Back at the end of May 2016, Google held their annual developer conference called Google I/O, and while they didn’t use this time to announce new smartphones - that came later in the year as expected - they did announce and show off new hardware. This was our first glimpse of Google Home. A stylish take on a smart speaker that could integrate into our lives and provide us with a hands-free way to connect and control a number of other smart devices around the home, like lights, thermostats, and presumably anything that could be considered an IoT device with the ability to connect up to a local Wi-Fi connection. While Google Home is a smart speaker and it in fact dose connect up to and control a handful of different smart, connected products, such as the Nest thermostat and Philips Hue Lights, there are many that it still has no compatibility with, and this is a problem. At least for now.
The biggest issue with this is that it leaves many people out in the cold on using Google Home the way it’s intended to be used, or the way it should be intended to be used. Google Home is a competitor to Amazon’s Echo in many ways and although it does do some things quite a bit better than the Echo, thanks to being powered by Google Assistant, there are quite a few things it doesn’t do as well too. The most obvious and one which has already been touched on briefly is its lack of compatibility with other hardware types. There is no doubt that more hardware support is coming. Google would be foolish not to have this in mind and chances are they’re working rather diligently to introduce more compatible devices and widen the scope of Google Home’s control, but at the moment it’s hard not to look at it and see it as nothing more than a Google Search made manifest into a physical product that you can have a conversation with, which is also capable of controlling a few smart home devices. Of course, to its credit it doesn’t just answer your questions and feed you a response, it’ll actually complete actions for you too, as displayed in the Google Home demo video that was shown off during Google I/O, but it needs to do more, perhaps the launch should have been pushed back a bit to allow time for more device support from the start.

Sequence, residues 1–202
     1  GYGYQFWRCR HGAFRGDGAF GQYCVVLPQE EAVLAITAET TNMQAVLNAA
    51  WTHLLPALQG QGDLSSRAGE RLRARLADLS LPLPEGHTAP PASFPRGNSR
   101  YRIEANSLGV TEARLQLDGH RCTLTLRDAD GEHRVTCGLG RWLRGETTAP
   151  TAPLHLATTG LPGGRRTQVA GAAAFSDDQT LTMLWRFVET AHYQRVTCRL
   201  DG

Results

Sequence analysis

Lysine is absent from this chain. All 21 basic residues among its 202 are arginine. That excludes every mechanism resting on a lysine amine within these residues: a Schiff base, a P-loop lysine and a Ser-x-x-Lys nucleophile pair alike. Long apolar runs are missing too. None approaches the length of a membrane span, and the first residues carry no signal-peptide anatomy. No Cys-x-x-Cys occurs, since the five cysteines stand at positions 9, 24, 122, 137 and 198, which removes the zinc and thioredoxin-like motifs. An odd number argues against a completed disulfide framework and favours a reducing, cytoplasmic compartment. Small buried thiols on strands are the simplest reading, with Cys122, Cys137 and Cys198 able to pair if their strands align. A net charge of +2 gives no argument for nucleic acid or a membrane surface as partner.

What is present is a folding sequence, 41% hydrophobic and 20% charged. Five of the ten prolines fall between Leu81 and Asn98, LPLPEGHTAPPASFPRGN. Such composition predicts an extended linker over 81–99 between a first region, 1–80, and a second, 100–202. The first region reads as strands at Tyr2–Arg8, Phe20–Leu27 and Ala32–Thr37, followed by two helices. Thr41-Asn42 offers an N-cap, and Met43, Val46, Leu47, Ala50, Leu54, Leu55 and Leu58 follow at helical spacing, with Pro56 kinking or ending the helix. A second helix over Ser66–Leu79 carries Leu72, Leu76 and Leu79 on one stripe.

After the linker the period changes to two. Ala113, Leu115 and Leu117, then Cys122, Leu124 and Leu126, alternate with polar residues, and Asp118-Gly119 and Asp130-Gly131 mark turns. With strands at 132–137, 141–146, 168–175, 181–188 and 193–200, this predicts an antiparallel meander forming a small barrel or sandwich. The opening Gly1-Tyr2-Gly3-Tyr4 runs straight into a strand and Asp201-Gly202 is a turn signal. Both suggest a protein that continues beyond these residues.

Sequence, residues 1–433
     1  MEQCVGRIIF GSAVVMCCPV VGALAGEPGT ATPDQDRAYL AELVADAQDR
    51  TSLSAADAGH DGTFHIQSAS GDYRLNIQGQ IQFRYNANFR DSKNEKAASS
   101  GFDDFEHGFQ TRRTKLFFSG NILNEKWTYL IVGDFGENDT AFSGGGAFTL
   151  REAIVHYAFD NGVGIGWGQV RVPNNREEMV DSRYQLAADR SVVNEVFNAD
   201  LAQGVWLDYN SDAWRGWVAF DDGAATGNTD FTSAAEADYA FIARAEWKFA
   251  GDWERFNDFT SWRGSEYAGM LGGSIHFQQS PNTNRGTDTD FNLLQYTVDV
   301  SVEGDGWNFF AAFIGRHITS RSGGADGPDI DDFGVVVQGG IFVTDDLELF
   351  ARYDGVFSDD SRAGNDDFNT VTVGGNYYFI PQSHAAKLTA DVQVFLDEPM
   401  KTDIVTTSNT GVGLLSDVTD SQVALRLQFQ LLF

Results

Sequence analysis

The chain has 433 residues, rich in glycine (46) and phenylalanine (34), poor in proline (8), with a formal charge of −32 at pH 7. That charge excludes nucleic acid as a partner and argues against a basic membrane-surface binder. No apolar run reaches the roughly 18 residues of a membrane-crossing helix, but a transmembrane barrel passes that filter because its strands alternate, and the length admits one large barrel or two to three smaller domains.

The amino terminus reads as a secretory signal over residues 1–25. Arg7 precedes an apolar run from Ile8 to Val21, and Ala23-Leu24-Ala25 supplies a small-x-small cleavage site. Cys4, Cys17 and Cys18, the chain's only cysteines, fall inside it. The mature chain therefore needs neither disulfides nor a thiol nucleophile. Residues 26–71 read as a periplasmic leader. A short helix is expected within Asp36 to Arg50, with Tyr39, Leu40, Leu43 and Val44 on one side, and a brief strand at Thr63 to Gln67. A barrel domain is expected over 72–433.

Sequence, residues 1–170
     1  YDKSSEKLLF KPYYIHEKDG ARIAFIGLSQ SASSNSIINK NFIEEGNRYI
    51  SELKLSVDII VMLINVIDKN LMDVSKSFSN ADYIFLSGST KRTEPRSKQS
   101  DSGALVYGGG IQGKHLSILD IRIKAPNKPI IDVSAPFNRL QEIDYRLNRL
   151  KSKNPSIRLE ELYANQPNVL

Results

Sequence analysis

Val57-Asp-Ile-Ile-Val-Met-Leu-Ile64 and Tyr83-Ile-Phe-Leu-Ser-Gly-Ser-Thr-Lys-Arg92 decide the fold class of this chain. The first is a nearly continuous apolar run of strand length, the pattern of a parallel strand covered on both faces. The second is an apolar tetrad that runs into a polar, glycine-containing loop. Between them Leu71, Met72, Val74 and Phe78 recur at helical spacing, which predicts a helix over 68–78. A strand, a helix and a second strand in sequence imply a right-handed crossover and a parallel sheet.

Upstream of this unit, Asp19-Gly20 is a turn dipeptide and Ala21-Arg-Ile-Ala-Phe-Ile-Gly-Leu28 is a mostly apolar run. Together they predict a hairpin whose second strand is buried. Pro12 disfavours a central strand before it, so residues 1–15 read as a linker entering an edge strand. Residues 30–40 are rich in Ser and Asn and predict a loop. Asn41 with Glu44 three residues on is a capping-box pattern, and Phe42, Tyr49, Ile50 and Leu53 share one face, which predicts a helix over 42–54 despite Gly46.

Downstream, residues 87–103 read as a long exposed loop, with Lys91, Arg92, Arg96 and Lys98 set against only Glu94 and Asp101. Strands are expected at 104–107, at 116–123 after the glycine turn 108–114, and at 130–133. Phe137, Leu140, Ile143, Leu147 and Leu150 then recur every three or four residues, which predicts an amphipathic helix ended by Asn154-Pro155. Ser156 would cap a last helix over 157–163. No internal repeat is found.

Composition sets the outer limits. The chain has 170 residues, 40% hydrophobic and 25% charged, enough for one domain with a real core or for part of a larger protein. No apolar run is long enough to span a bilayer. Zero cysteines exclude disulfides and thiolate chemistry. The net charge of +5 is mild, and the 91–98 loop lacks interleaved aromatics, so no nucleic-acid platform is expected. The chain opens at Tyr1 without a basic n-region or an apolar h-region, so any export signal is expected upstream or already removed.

All that said, Google Home is by no means a crippled product, at least not on a large scale. It has compatibility with Nest, naturally, as well as Samsung’s SmartThings devices, IFTTT, and Philips Hue. However, when comparing this to Amazon’s Alexa-powered Echo speaker it feels a little flat, as the Echo supports all those device types as well as Ecobee, Wink, Insteon, Belkin WeMo, Lifx, Big Ass Fans, and then a whole range of other devices thanks to the Alexa Skills, which has enabled developers to take the software and open up support for other smart device brands and categories that have not yet been added by Amazon themselves. Therein might lie one of the bigger strengths of the Echo, and by comparison one of the bigger faults of Google Home - the open software that lets developers add compatibility. This alone would help Google Home immensely, as Google wouldn’t have to be the sole developer to make everything work. They would be able to rely on the community to assist them in adding support for various devices, and that could have been huge.
It’s not all bad, though, as there are ways around not having support for a specific device type or brand of smart devices. With a little bit of ingenuity and the use of IFTTT and some other products, it is possible to get Google Home to work with smart devices that are not on the supported list. Using IFTTT along with a Raspberry Pi with a Z Wave antenna running Domoticz (which is a lightweight home automation system), one could enable commands to complete a task using IFTTT’s “Maker” channel for Google Assistant, opening up a handful of possibilities that weren’t there before, such as getting Google Home to start your coffee brewer in the the morning. This is all possible thanks to Maker and Domoticz, with Domoticz being the Home Automation element and the Maker channel being the bridge between Google Home and the devices connected to the network through Domoticz, by sending and receiving the commands between them.
Despite this, though, not everyone is going to know about this method and surely it won’t work with everything. There’s also the fact that this is not as straightforward a method as having Google Home connect and talk directly to a specific brand of home automated device, like it does with Nest. Of course, Nest is essentially Google’s own product, so its support was assured from the beginning. While Google will more than likely be opening up support for more devices in the future, soon or further out, it still lags behind the Echo in this regard. Yes, the Amazon Echo has been out longer and has had more time to gain support for more devices, but this shouldn’t matter. The argument could be made that Google Home should have had support for the same list of device brands so as to be on more equal footing with the Echo, and the fact that it’s not feels just a little bit lazy.